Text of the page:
New sculpture dedication slated for Scottsdale Artists’ School

Independent Newsmedia

Scottsdale Artists’ School, Scottsdale Arts and the City of Scottsdale will dedicate a newly donated sculpture at 10 a.m. Saturday, Feb. 22, at Scottsdale Artists’ School, 3720 N. Marshall Way.

The sculpture, called “Ziggy’s Sister” 2000, was designed by the late Alfred Newman (Al) Beadle and donated to Scottsdale as an anonymous gift in honor of the Beadle Family. “Ziggy’s Sister” is a blue painted-steel sculpture standing 8 feet high.

It was installed in September in front of Scottsdale Artists’ School, which is housed in the historic Loloma School in Old Town Scottsdale, according to a press release.

“’Ziggy’s Sister’ is a cool, blue, modern piece that has the added benefit of being locally historic,” Wendy Raisanen, curator of collections and exhibitions for Scottsdale Public Art, said in a prepared statement.

“Al Beadle is well loved for his midcentury-modern buildings in the Valley. It’s an eye-catching addition to the Scottsdale Arts District.”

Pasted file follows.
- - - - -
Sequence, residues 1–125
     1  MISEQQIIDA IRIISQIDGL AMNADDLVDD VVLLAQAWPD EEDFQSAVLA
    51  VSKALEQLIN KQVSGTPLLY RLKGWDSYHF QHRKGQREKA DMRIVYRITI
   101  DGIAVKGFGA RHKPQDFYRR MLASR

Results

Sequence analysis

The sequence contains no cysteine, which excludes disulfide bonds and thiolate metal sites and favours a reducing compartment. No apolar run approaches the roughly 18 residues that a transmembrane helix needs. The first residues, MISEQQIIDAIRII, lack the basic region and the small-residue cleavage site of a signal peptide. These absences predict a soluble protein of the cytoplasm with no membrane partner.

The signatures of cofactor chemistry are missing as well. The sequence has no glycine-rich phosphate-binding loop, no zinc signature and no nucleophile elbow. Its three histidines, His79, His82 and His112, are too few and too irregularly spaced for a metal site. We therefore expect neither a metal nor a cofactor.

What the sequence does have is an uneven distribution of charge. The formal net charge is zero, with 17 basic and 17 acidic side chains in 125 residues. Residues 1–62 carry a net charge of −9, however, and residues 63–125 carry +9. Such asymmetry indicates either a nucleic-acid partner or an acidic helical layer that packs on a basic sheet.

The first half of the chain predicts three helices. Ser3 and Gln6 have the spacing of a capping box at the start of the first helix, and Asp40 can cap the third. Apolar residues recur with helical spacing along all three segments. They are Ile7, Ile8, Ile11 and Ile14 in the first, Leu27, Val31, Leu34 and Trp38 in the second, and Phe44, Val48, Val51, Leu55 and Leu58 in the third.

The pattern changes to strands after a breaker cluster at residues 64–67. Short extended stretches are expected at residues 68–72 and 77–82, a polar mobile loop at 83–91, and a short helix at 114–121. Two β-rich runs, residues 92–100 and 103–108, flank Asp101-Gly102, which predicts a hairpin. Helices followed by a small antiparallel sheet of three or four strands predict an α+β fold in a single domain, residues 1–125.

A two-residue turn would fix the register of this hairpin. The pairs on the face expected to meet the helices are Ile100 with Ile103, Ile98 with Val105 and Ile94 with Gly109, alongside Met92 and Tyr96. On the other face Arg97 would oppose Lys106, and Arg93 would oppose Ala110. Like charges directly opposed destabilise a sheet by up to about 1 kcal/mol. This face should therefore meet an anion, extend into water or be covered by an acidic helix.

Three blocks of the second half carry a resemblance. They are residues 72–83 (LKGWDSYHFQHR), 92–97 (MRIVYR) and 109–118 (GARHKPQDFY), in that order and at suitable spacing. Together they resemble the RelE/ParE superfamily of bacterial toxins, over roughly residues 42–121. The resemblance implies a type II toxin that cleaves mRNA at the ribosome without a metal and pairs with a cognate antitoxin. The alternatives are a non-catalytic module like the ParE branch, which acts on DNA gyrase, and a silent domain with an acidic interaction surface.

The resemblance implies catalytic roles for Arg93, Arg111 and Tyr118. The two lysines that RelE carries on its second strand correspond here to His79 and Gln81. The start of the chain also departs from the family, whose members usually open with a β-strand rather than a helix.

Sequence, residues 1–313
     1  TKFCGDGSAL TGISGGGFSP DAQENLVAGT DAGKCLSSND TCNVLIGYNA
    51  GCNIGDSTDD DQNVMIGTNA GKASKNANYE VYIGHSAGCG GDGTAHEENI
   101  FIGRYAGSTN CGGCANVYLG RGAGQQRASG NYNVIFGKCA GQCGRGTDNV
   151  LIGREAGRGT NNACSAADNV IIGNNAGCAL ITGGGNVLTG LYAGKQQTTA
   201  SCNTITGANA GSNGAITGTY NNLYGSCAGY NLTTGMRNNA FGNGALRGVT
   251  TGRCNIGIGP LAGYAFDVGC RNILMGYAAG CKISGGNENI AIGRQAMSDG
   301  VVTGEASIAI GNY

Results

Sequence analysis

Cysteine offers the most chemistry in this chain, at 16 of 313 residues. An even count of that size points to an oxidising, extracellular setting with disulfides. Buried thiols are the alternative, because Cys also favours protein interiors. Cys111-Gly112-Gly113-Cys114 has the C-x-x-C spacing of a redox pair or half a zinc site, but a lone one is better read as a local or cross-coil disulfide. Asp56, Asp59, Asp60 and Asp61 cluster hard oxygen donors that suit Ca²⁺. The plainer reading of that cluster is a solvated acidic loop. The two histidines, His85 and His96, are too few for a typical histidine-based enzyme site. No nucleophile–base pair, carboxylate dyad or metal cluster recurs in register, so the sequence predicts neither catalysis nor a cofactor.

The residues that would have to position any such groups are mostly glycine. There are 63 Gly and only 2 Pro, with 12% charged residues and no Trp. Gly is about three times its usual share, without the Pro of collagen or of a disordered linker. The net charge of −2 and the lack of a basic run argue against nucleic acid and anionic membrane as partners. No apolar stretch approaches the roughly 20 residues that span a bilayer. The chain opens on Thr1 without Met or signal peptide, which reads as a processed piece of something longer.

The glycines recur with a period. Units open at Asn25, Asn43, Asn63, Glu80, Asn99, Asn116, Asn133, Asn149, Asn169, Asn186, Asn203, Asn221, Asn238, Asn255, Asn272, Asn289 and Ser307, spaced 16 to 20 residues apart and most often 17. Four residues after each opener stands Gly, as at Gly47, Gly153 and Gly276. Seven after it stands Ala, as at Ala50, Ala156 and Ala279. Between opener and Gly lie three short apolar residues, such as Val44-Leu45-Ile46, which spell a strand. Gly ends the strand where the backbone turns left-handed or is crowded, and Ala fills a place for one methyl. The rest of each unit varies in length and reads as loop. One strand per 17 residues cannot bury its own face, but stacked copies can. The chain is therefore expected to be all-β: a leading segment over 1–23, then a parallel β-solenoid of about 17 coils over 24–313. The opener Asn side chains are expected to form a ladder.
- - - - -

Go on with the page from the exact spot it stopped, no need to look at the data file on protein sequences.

Mr. Beadle (1927–98) was a renowned architects of the post-World War II generation in the Valley. He began his career as a designer and builder in 1950 with an approach to his projects that included simple modernism. His architectural projects typically included one of his sculptures, usually in red, yellow or rusting steel.

“Ziggy’s Sister” is based on plans and a maquette Beadle created before his death in 1998. It was fabricated posthumously, two years later. Mr. Beadle created three “Sister” sculptures: one at Scottsdale Artists’ School, the second Sister is painted red and resides in Prescott and the third Sister is at a private residence in Phoenix.

Scottsdale Public Art and the City of Scottsdale expressed gratitude to the anonymous donor of “Ziggy’s Sister” for this donation to the city’s collection, which is on view for all Scottsdale residents and visitors to enjoy, a release states.

“In particular, we are pleased to accept artwork, much like the Al Beadle sculpture, when there is a particular connection to Arizona’s art and culture,” Kim Boganey, director of Scottsdale Public Art, said in a prepared statement.

“Beadle is a well-noted architect and artist, known for his work throughout the Valley, and now we have a beautiful sculpture by him located here in Scottsdale.”